The American mentioned this to a local policeman who found Cream's detailed knowledge of the case suspicious.

Scotland Yard then put Cream under surveillance and soon discovered his habit of visiting sex workers.

They also contacted colleagues in the United States and Canada and learned about their suspect's history, including the conviction for murder by poison.

In June 1892, Cream was arrested for the murder of Matilda Clover, and the following month he was charged with the murders of Matilda, Ellen Donworth, Alice Marsh, and Emma Shrivell, the attempted murder of Louise Harvey, and extortion.

His trial in October 1892 lasted five days.

After only 12 minutes of deliberation, the jury found him guilty of all charges, and the judge Henry Hawkins sentenced him to death.

Less than a month after his conviction, Cream was hanged at Newgate Prison by public executioner James Billington.

As was customary with all hangings, his body was buried the same day at the prison along with other executed criminals.

His body was exhumed in 1902 and moved to London's municipal cemetery. He is now buried in an unmarked grave.

Following his death Mr Billington claimed that Cream's last words on the scaffold were that he was Jack the Ripper and then boasted to reporters he had executed the notorious Victorian serial killer.

However, police and other officials who attended the same execution said they hadn't heard him admit anything.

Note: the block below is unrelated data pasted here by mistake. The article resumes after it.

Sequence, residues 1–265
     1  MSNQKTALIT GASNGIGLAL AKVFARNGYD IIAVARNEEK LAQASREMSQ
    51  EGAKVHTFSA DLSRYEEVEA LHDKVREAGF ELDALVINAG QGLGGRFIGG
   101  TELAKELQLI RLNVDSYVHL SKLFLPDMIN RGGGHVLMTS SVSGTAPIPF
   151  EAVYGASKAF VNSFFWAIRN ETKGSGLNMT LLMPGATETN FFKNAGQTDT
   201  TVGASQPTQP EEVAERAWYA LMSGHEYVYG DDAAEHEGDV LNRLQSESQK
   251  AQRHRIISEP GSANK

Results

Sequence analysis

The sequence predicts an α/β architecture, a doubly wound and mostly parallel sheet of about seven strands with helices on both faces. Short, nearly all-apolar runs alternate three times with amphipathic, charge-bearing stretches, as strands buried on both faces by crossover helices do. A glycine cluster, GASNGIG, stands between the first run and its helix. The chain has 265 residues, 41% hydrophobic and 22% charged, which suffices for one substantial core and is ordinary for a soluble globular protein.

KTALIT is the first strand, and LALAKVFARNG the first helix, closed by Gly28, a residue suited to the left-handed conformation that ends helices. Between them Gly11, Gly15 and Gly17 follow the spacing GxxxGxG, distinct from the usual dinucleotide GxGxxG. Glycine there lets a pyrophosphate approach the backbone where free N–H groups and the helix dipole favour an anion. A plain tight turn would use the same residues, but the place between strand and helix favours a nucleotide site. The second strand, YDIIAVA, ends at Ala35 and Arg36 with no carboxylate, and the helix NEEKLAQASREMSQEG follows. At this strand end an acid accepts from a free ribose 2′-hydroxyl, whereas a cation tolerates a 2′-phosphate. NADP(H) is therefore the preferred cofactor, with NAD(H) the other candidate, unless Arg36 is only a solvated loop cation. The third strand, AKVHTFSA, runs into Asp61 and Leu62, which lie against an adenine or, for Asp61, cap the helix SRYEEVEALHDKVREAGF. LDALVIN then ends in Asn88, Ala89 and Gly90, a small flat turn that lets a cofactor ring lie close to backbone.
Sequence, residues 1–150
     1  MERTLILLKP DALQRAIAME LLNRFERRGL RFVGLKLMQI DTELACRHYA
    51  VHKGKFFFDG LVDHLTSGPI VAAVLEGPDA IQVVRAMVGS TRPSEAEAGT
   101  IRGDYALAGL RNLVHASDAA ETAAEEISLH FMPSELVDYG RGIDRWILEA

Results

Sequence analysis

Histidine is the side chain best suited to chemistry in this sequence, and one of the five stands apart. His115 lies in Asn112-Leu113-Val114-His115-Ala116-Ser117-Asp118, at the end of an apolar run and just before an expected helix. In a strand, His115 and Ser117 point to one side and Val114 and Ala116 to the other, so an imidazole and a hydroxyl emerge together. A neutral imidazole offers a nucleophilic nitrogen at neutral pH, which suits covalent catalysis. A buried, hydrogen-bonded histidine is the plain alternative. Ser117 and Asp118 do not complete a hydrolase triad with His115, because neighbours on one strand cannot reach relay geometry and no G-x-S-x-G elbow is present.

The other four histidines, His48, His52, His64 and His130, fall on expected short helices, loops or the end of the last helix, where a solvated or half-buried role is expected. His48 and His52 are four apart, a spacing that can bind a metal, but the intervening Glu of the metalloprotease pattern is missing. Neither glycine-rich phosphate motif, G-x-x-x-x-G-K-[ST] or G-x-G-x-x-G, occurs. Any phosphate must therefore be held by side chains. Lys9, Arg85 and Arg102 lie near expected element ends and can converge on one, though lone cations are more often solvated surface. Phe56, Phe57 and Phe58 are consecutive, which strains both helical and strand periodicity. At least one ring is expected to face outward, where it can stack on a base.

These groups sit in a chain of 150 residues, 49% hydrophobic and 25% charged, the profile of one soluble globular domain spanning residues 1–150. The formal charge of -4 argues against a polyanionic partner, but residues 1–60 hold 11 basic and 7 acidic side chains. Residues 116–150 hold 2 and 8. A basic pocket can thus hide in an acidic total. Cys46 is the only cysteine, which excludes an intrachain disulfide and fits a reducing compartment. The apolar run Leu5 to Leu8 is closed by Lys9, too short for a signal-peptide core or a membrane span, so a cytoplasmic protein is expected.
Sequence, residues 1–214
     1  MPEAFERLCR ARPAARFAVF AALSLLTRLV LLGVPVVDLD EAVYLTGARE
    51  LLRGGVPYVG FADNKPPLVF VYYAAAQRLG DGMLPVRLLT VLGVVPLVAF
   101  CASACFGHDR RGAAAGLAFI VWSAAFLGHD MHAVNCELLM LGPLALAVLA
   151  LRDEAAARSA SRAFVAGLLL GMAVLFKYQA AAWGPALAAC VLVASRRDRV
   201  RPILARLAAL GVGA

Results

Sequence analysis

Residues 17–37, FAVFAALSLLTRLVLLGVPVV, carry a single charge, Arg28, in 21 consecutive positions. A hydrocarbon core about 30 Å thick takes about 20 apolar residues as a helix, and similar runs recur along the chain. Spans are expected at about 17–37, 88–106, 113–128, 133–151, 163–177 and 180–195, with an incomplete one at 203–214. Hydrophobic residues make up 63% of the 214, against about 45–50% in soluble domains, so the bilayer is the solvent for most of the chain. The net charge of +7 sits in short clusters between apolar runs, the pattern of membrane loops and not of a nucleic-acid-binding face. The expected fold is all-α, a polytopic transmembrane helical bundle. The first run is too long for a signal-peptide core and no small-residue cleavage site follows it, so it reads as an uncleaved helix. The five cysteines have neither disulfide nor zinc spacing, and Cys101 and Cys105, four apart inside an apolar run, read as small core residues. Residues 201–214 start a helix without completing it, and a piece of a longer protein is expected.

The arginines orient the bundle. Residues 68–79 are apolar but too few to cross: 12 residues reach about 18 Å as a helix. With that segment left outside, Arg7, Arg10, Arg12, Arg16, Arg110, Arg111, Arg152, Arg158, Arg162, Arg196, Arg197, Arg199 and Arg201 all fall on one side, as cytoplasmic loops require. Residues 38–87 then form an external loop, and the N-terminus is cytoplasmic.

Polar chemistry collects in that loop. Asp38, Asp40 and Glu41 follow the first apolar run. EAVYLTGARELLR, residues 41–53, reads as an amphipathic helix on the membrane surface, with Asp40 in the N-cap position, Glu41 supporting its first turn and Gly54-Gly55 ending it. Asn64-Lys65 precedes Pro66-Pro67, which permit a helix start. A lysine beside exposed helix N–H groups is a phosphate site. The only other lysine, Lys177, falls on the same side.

Jack the Ripper was the term coined by newspapers to describe a man believed responsible for the murders of eleven women - some prostitutes - in the Whitechapel area of London between 1888 and 1891. 

Some of the victims had their internal organs removed by the killer, suggesting he had anatomical and medical knowledge.

In fact, Cream was in prison in the USA at the time of the Ripper murders in 1888, serving his sentence for murder of Daniel Stott, so it was impossible for him to have been Jack the Ripper.

Or was it?

Ripper expert Donald Bell later claimed that Cream had bribed officials and been let out of prison before his official release.

Another expert, Sir Edward Marshall-Hall suggested that Cream's prison term had been served by a lookalike in his place. 

However, motivation for the series of poisonings has never been established. 

It is assumed that Cream was a sadist who enjoyed the thought of his victims' agonising deaths.

It is also possible that he committed the murders so that he could profit from them

The poisoning of Mr Stott was committed with the hope that Mr Stott's wealthy widow would share her dead husband's estate with him.

In addition to the five poisonings, Cream was suspected of the murder of his wife Flora in 1877 and at least four other women who died in his care while undergoing abortions.

If true, then he is the most prolific serial killer Glasgow has ever seen. Even eclipsing the more recent savagery of two other Glaswegian multiple murderers, Angus Sinclair and Ian Brady.